In this photo taken Tuesday, Aug. 6, 2019, Brenda Scurlock is shown in her home in Lumber Bridge, N.C. holding a newspaper clipping about her son’s murder. Scurlock’s son Avery Scurlock, who used the name Chanel when dressing as a woman in social settings and hoped to have sex reassignment surgery, was found shot to death in June. This death of a transgender person in North Carolina is one of 18 so far this year, and 17 of the victims have been black women. (AP Photo/Gerry Broome)
LUMBER BRIDGE, N.C. — “Okay, Mommy. I love you.”
That was Brenda Scurlock’s last text from her son, Avery, before he was shot eight times, his body abandoned in a field in eastern North Carolina.
Scurlock had always worried about Avery’s safety. He was young and black in a society where those qualities could make him vulnerable.
And to multiply her worries, he was transgender.
Her fears came true on June 5, when the Robeson County Sheriff’s Office responded to reports of gunshots and found Avery Scurlock’s body. Friends said he was meeting a man he had met on a dating website.
Avery, 23, was one of 18 transgender people slain so far this year in the United States, according to the Human Rights Campaign. Seventeen were black transgender women, including two killed within two weeks of each other in South Carolina. A woman in Dallas who became a vocal advocate for transgender rights after she was attacked in April was killed in May in what the mayor described as “mob violence.” In Detroit, a black transgender woman and two gay men were killed in an attack that two other people survived.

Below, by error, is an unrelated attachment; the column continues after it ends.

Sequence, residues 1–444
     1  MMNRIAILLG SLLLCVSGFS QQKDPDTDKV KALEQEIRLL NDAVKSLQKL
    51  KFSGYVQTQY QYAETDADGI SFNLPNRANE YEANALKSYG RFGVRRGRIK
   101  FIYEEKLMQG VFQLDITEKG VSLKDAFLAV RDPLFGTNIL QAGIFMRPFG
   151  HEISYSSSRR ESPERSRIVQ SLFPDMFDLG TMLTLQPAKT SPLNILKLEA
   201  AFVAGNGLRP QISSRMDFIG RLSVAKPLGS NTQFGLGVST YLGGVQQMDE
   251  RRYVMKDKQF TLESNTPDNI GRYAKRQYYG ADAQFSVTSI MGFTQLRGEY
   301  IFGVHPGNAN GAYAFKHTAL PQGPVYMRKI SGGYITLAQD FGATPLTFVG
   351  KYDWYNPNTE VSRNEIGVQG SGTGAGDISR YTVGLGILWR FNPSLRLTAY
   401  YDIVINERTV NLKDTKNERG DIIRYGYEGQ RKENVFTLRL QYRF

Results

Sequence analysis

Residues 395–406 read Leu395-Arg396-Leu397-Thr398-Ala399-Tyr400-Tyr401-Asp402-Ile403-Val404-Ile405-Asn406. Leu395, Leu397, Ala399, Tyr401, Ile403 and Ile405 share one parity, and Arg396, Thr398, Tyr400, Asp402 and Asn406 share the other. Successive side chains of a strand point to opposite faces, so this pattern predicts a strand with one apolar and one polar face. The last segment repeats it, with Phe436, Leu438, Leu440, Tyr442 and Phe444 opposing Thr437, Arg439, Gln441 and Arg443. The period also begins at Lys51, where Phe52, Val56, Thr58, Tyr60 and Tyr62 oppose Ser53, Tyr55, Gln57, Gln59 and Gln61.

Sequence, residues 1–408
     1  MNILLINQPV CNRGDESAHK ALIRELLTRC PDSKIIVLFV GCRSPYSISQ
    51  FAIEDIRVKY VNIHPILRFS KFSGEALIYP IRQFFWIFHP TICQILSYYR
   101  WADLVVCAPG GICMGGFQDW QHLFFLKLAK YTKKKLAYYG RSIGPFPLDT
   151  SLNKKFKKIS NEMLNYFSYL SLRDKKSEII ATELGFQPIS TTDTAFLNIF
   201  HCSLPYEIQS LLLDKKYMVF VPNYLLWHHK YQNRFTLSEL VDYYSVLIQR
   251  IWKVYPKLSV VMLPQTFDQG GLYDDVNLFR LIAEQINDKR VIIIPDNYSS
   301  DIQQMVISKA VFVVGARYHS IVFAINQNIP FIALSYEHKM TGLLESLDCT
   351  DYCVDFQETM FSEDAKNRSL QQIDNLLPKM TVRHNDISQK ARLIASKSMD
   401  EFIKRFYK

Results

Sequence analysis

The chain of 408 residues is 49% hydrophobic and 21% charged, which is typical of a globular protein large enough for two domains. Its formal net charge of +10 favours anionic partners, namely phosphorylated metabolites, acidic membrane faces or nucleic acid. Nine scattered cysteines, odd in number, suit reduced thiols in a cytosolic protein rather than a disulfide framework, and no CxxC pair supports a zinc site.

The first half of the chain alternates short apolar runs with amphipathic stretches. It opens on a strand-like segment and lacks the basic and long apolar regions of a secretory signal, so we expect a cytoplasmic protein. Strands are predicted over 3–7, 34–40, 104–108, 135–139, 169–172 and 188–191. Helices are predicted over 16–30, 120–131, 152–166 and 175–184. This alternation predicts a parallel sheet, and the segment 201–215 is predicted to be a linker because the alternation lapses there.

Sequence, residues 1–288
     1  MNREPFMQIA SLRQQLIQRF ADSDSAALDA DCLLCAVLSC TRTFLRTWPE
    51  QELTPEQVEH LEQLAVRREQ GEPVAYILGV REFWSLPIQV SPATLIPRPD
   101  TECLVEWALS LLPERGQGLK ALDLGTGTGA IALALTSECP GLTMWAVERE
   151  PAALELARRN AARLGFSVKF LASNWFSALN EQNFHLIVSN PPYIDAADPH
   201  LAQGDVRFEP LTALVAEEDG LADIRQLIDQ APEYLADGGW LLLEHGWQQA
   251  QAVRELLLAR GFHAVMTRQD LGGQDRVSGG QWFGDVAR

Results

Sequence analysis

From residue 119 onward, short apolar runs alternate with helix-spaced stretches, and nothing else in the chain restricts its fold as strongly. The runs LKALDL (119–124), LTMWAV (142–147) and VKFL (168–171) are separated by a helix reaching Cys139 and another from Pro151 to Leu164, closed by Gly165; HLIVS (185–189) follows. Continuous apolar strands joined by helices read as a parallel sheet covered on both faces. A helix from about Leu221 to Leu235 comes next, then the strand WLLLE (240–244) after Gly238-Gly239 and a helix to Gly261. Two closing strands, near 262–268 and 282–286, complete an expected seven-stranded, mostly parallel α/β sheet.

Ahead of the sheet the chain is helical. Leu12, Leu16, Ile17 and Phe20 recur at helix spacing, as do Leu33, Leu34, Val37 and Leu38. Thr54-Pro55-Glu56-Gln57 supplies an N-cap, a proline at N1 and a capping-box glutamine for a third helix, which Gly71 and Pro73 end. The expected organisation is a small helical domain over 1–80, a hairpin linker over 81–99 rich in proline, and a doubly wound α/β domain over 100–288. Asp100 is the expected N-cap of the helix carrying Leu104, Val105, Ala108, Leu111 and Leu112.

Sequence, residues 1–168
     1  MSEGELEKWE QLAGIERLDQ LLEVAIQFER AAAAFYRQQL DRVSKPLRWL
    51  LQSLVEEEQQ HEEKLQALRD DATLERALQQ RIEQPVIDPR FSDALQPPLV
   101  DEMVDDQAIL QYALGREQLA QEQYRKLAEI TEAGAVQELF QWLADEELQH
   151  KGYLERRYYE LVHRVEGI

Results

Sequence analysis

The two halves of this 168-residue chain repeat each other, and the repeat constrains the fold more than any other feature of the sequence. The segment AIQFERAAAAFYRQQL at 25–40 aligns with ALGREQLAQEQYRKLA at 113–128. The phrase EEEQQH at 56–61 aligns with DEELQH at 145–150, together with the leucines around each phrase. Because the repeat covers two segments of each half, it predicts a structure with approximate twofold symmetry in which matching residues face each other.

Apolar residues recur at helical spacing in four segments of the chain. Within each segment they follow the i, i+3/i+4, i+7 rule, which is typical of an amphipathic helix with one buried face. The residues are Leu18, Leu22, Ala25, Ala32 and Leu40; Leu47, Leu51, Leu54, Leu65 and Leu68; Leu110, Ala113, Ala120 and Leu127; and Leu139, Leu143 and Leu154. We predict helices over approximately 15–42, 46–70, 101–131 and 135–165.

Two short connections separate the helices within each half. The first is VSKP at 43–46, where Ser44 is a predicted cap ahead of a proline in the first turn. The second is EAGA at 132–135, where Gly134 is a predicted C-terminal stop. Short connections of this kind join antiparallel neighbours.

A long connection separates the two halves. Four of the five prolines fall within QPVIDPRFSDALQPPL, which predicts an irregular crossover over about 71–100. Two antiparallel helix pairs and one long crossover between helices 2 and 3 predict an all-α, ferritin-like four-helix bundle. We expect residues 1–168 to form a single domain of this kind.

The majority of transgender people killed yearly typically are black women, said Sarah McBride, the campaign’s national press secretary. “When transphobia mixes with misogyny and systemic racism, it can often have deadly consequences,” she said.
Black transgender women have been killed this year in Alabama, Tennessee, Maryland, Ohio, Pennsylvania, Missouri, Texas, Michigan, and Florida. Advocates tracked the deaths of 26 transgender people in 2018.
Although Brenda Scurlock supported her child and was accepting of his gender identity, she used male pronouns and always called him Avery, just as everyone else did. His friends said he insisted on his female name, Chanel, only when dressed as a woman in public. Because of that, The Associated Press is using Avery and male pronouns for the sake of clarity.
Avery told his mother about four years ago that he was gay.
“The way he dressed, you know, that was just him,” Brenda Scurlock said.
In this photo taken Tuesday, Aug. 6, 2019 Brenda Scurlock is shown in her home in Lumber Bridge, N.C. holding a newspaper clipping about her son’s murder. Scurlock’s son Avery Scurlock, who used the name Chanel when dressing as a woman in social settings and hoped to have sex reassignment surgery, was found shot to death in June. This death of a transgender person in North Carolina is one of 18 so far this year, and 17 of the victims have been black women. (AP Photo/Gerry Broome)
He would leave their home in Lumber Bridge in women’s clothes and makeup – he loved false eyelashes and his jean jacket.
“He dressed how he wanted to dress,” Brenda Scurlock said. “I never really hit on the transgender part. He just dressed how he wanted to dress.”